In my most recent visits to the cinema, I noticed that there have been some films that have used mental illness as an allegory for their storylines. Here a some examples: Most people have seen Finding Nemo (2003), the cute clownfish that defies his father’s wishes and goes into the open waters. 14 years later, children and adults alike were excited when Disney Pixar released a sequel to the film: Finding Dory (2016).

However, when I watched Finding Dory, it evoked more sadness and despair than lightheartedness that I expected for an animated film. Dory is separated from her parents cinema-860681_1920and sets out to find them, but her memory or lack there of doesn’t allow this. Ellen DeGeneres’ character’s desperation to find her parents and her frantic behaviour when nobody has seen them becomes quite uncomfortable to watch. If by then you the viewer hadn’t realised that this is a allegory for Alzheimer and making people i.e. the adults who take their children to watch the film, aware.

Dory’s repetition of “keep swimming” is a metaphor for “keep going” which becomes more of a haunting chant than an affirmation. The revelation at the end (no spoilers) is even more heartbreaking, quite similar to Lights Out (2016), a Horror Film directed by David F. Sandberg. In the film we learn that siblings Martin (Gabriel Bateman)and older sister Rebecca (Teresa Palmer) are taunted and eventually pushed out their family home movie-1209089_1920when a dark entity appears every time they switch the lights off. The only person that isn’t afraid of the “Nosferatu looking” figure is their mother, Sophie (Maria Bello). As long as Sophie takes her medication this entity will not appear whether dark, or light. Her kids made a deal to get their mother to better mental health. It may seem exploitative that the studios are using mental illness as an allegory for their stories. Have they ran out of ideas of different types of boogie men they could use? Conversely, maybe the script writers are using film as a platform to make their audiences aware of mental health?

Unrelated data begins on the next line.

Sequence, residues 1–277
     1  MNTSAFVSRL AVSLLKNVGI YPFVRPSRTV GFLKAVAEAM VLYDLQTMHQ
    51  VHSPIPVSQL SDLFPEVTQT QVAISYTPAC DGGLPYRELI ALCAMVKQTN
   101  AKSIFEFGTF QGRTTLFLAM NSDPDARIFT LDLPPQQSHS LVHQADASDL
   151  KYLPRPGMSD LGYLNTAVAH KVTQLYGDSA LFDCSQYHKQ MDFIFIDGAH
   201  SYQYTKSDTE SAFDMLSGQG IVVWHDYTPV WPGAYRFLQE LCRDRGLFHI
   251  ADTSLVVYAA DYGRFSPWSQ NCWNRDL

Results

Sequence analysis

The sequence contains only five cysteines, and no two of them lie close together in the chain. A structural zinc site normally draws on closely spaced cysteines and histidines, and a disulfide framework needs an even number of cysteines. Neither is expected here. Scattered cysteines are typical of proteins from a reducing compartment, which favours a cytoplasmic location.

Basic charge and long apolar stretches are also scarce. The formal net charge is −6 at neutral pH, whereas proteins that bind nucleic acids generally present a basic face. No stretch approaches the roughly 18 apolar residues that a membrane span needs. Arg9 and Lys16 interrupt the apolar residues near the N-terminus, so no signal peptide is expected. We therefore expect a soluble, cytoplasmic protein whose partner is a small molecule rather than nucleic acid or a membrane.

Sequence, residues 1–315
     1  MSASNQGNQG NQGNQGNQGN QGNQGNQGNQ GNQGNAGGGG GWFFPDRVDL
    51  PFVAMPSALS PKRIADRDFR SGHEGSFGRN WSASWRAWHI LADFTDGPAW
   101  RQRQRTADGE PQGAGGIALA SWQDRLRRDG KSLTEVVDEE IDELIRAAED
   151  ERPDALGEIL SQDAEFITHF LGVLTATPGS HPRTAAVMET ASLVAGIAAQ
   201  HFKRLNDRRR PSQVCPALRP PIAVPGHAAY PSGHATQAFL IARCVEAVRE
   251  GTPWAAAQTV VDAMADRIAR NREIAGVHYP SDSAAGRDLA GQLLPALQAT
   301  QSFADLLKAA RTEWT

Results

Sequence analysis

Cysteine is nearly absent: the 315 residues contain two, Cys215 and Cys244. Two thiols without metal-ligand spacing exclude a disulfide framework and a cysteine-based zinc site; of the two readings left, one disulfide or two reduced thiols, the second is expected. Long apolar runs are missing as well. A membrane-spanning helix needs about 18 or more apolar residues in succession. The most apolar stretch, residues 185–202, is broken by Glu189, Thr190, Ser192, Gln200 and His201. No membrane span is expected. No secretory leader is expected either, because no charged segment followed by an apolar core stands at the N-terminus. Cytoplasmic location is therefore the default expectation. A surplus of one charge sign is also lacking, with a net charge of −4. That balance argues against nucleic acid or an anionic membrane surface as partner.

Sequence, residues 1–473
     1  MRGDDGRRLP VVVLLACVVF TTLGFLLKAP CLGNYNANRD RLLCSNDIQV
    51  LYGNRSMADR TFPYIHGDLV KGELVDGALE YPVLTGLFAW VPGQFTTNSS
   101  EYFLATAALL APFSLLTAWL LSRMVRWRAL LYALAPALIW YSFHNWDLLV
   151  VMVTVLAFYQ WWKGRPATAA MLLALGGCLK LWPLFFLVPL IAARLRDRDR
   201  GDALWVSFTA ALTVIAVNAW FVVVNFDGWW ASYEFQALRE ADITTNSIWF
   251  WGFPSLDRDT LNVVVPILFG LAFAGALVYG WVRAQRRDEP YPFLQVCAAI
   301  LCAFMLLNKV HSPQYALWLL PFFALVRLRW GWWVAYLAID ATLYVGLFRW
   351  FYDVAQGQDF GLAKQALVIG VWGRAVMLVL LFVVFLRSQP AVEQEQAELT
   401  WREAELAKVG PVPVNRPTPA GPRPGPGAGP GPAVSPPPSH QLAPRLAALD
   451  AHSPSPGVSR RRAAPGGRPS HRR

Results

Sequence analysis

In Split (2017) starring James McAvoy and directed by M. Night Shyamalan also displays mental illness, this time not as an allegory but as the main narrative drive where the main character Kevin, has schizophrenia. Yet, Hollywood exploring mental illness is not movie-1688586_1920something that’s new as there have been films that delve into this, such as Silver Linings Playbook (2012) starring Bradley Cooper. He plays Pat who rejoins his family after being in a mental institution. He ended up in the institution after a failed relationship, and the loss of his job. However this film is categorised as a Drama and Comedy. Whereas, Split and Lights Out are dark Thrillers and Horrors with analogies.

Even Finding Dory has an eerie undertone. Hollywood releasing such films is fine, in my opinion, although, I believe that the audience may walk out the cinema with awareness to Alzheimer’s, Schizophrenia, and Depression but the pitfall is that they will have a skewed depiction on mental health. Not all mental illnesses end up in suicide, killing, death or trauma. This could be more damaging than, shedding light on such matters, and thus instilling fear in the viewer, leaving the cinema less educated and more afraid.

What’s your thoughts?


Written by

Deanna Russell – 


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